Thinking Out Loud

March 8, 2018

Who Does This?

At least once a week, after she’s packed the 7- and 8-year old off to school and the 3-year old is still sleeping, Marion goes to her computer and opens WordPress and shares something from the previous week with the entire world. That world, according to statistics, consists of 15-20 people per post; at least six of which are relatives and another half dozen are friends; all of whom get a notification on Facebook that she’s written something new. Of course, she has more Facebook friends than that, but apparently many aren’t interested enough to click through. She’s glad she doesn’t know who’s who.

The other 3-7 people daily? Could be anyone who is anywhere on the globe. She’s had some interesting comments, including recurring ones from someone who, after tracing the IP address, is somewhere in Idaho. She feels like she’s getting to know this person better than the so-called FB “friends” who can’t be bothered to tune in when she posts her thoughts.

I got thinking along these lines yesterday when I decided to see what my own writing looked like on my smartphone, given the significance of the day. “I’ve done 400 of these;” I said to myself; adding, “This isn’t normal; normal people don’t do this.” It’s true. Most people, if they have a social media platform that permits anything more than a paragraph, tend to write less frequent, less researched compositions. Yesterday, Wednesday Link List #400 took hours, several of which involved deciding how to collect and arrange screenshots of the various versions which had led up to the standardization of the WLL name…

My wife and I have discussed this before with respect to worship leading. Attending a church of hundreds, we noticed that very few aspired to standing up before the entire assembly and open their mouths and start singing. Many would be embarrassed to be up there doing anything, others would simply be frozen at the ‘what do I wear?’ stage.

But both her and I do this as second nature. Not only singing, but choosing the songs and preparing the congregation for some of them with a verbal introduction, or what is traditionally termed a Call to Worship. At least once someone suggested to me that people aren’t clamoring to replace us, which got me thinking about many different aspects of our particular area of local church service. Do we look a little strange doing this? Aren’t most people afraid of public speaking? Could we just get on with the sermon? Should I pay more attention to what I should wear?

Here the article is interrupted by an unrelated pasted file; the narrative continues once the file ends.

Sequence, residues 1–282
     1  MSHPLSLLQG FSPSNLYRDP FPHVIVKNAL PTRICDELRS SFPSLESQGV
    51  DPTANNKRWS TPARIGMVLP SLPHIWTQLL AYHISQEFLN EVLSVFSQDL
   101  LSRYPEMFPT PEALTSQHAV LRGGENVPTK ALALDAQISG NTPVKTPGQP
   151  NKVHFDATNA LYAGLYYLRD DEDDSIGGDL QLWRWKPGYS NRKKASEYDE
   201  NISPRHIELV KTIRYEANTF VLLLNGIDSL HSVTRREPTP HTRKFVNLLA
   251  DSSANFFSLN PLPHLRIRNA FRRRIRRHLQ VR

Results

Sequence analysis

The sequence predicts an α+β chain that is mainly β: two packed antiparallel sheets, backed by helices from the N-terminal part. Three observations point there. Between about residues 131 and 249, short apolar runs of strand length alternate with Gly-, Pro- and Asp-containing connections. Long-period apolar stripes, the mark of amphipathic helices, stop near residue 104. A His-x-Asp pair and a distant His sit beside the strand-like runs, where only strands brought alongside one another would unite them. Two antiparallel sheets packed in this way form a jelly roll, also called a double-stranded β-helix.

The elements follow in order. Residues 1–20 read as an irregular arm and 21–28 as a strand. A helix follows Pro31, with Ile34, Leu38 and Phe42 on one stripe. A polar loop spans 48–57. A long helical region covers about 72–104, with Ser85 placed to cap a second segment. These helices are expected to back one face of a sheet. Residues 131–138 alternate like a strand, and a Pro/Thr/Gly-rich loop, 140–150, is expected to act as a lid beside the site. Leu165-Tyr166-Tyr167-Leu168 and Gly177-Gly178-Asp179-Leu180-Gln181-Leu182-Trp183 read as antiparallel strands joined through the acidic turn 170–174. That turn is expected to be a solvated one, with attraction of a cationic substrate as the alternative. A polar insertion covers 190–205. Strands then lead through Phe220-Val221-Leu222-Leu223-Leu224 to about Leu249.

As I’ve mentioned before, the WLL has something in common with other things I have done, such as, a long time ago, hosting a Christian radio program. For me, that was all about choosing the songs. It’s based in a desire to want to share musicians and songs with people for the first time that they will then want to have playing in their home or vehicle or workplace on a regular basis.

Or starting a Christian bookstore. Again, who does this? For most people starting a business — any type of business — is rather daunting. It’s also about connecting people and resources. I don’t always get to pursue my own agenda — there are some Christian authors in my personal library who simply wouldn’t appeal to my store customers — however, introducing people to new writers happens on a regular basis, though not to the degree I’d like. (Recommendations by their pastor or favorite televangelist remain the top influencers.)

One day we started a bookstore in just a few hours. We drove to a town we’d only been through once or twice before, met with a local pastor, viewed a location, checked out two or three other options, drove back to the first one, picked up a copy of the lease, arranged to purchase the fixtures of an adjacent store which was closing, called the utilities to arrange for power and phone service… and then we looked at the clock.

It was lunchtime. We went to the food court of a local mall and walked around and considered the possibility that the day was young, and we could drive to another city and do it all over again before suppertime. We didn’t, but it would have made for a great story.

Repeating the question, who does this? I guess we do.

Space does not us today to consider the projects and initiatives my wife has begun. I don’t think either of us are particular Type A people. We’re not up at the crack of dawn. Our house looks like a robbery just took place. We habitually procrastinate.

There is a similar temperament; at least we get each other.

Probably many other bloggers do the link/roundup thing. They’re not all like Marion, the Mommy Blogger. At the heart of putting your writing out there in a public forum is the idea of sharing, be it your own opinions, or links to others who have good ideals or analysis.

 

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